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Crowd-funding: The Future of Indie Film?

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Aspiring filmmakers have always struggled to find a way to get their projects made, from racking-up credit card bills to persuading investors that their film is the next Paranormal Activity. When that film is only 10 minutes long, it's especially hard. Just ask NYC-based filmmaker Jim McMahon:

"I'm a filmmaker at heart, but there are days when I wish I'd been born with a passion for writing instead. All I'd need is my laptop and a table at Starbucks," he said, perhaps only half-joking.

Jim didn't initially set out to be a filmmaker. He enrolled at the University of Montana thinking he'd be a veterinarian, but instead spent the winter snowboarding and the summer hanging at the local river. It wasn't long before his grades suffered and he was forced to leave school. Unsure of what to do, he joined the Army National Guard. "Basic training was every bit as hard as it looks, and I regretted my enlistment immediately. But, I must admit, the structured regiment made me get my life together. Also, I learned how to survive the apocalypse."

After 16 weeks of basic training, he re-enrolled in school, changing his major to journalism, with an emphasis in radio/TV production. It was in his senior TV production class that a classmate told him about a film called Fight Club that had just opened at the local theater. He went to see it, and had an epiphany: "My mind was blown. I remember telling my classmate the next day 'Someone made that movie!' I guess I just hadn't ever thought about the fact that I could do that for a living. From that moment on, I was hooked."

Over the years, he's had a fair amount of success directing and producing. He wrote, directed and produced a horror flick in 2005 called Bloodshed and produced a gay-themed drama in 2008 called Ciao. He is now working on his next film, a short dramatic-comedy called Perfectly Normal. Says McMahon, "It's always insanely difficult to raise money for a film, but the short comedy genre is especially tough. If I were making a feature about over-sexed teen-aged vampires, I'd probably have more luck. Maybe."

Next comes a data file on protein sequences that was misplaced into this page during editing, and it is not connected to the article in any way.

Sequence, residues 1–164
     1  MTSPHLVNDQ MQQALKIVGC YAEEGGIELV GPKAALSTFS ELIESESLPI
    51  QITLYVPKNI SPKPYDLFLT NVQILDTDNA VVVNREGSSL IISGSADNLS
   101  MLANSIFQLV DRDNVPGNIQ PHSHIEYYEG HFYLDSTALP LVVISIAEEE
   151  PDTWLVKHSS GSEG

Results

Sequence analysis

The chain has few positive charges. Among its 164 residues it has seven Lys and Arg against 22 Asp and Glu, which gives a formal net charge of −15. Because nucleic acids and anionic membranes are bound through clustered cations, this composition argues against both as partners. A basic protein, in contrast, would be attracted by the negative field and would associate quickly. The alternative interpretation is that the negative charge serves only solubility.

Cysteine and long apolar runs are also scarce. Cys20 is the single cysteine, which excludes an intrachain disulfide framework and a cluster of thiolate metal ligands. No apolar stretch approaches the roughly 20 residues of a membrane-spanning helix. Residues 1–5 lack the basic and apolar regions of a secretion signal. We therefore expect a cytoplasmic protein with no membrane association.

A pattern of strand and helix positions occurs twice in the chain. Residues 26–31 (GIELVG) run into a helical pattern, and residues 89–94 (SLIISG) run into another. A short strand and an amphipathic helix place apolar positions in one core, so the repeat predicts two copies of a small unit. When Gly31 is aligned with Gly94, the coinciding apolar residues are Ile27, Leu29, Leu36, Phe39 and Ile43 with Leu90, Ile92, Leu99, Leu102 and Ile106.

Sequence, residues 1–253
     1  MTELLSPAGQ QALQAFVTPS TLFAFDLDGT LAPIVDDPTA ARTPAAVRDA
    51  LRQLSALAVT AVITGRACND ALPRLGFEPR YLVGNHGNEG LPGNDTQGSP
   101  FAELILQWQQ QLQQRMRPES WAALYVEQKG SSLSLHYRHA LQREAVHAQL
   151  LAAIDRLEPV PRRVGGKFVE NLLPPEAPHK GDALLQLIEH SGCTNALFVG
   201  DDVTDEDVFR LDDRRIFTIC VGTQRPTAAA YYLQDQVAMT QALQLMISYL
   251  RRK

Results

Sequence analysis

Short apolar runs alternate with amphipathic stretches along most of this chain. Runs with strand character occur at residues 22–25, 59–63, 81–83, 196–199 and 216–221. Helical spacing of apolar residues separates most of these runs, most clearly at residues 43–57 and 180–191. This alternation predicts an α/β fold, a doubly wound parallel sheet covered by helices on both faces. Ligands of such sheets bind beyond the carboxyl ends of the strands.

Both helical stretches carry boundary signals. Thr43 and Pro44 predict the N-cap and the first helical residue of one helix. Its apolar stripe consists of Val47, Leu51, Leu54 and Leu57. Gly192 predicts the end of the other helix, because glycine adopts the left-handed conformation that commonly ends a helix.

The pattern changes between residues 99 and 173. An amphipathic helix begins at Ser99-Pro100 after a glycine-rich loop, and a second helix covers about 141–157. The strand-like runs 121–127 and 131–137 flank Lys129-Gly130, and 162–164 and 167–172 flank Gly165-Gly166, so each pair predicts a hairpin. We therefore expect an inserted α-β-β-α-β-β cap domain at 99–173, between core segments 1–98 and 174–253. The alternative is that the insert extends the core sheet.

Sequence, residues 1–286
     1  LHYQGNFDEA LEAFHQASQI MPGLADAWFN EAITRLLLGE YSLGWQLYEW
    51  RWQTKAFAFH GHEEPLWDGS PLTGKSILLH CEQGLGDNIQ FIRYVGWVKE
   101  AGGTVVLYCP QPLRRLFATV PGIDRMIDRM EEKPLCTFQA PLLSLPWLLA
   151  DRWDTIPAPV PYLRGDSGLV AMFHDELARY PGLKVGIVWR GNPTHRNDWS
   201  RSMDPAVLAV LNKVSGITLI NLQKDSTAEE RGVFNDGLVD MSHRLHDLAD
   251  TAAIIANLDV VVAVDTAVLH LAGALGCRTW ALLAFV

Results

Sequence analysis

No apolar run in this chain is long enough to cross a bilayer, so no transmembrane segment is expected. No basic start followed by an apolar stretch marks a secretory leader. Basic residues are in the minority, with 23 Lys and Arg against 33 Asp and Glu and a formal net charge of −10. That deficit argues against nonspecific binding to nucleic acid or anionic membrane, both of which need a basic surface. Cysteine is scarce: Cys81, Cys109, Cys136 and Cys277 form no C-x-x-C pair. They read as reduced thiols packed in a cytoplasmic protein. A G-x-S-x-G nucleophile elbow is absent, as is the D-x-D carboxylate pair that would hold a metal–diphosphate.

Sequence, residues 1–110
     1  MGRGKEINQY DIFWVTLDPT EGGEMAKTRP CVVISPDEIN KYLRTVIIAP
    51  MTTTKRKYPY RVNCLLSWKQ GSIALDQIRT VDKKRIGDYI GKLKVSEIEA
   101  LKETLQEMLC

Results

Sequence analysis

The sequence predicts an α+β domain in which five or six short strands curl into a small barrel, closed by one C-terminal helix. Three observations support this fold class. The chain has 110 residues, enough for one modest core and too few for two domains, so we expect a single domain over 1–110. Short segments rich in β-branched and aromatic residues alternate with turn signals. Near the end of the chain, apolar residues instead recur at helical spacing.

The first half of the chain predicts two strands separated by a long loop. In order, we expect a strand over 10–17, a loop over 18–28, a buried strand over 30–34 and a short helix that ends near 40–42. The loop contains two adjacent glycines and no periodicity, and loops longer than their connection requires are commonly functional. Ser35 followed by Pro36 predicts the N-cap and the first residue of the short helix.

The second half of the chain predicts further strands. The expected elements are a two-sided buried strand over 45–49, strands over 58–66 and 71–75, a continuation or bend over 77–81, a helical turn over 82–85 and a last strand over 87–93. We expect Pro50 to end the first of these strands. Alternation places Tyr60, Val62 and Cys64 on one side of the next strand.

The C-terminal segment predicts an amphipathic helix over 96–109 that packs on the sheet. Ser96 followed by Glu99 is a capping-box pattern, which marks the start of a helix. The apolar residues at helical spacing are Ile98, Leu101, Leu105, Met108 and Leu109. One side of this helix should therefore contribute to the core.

So why make it? McMahon explained "I've already made a few small features on a shoestring budget. While those experiences were very rewarding, at this point in my career I want to make a small story that feels really big. I want to take people on a cinematic adventure, but I don't have a million bucks to do it!"

To help him organize and find funders, McMahon is raising money for his film using Kickstarter.com, a crowd-funding website designed for arts-driven projects. Crowd-funding is used for smaller passion projects for which it is typically difficult or impossible to acquire private investment.

Crowd-sourcing through Kickstarter, however, is not without its risks. A goal must be set prior to starting the campaign, and cannot be changed while it is under way. If the filmmaker fails to raise the targeted amount, they don't receive anything.

"I'm able to raise more money than if I hadn't used Kickstarter, but the stakes are high. It's all or nothing. If crowd-funding is the future of independent film, filmmakers should prepare themselves for non-stop waves of anxiety and glee." says McMahon.

The fundraising campaign ends April 1st, and McMahon is still seeking additional supporters. "We need all the help we can get, and no donation is too small when it comes to crowd-funding. If each person reading this gave $10, we'd hit our goal in no time."

To find out more about the project, visit Jim's Kickstarter page: http://kck.st/z4Kike

Also, here is a fundraising video produced by Jim and his producing partner: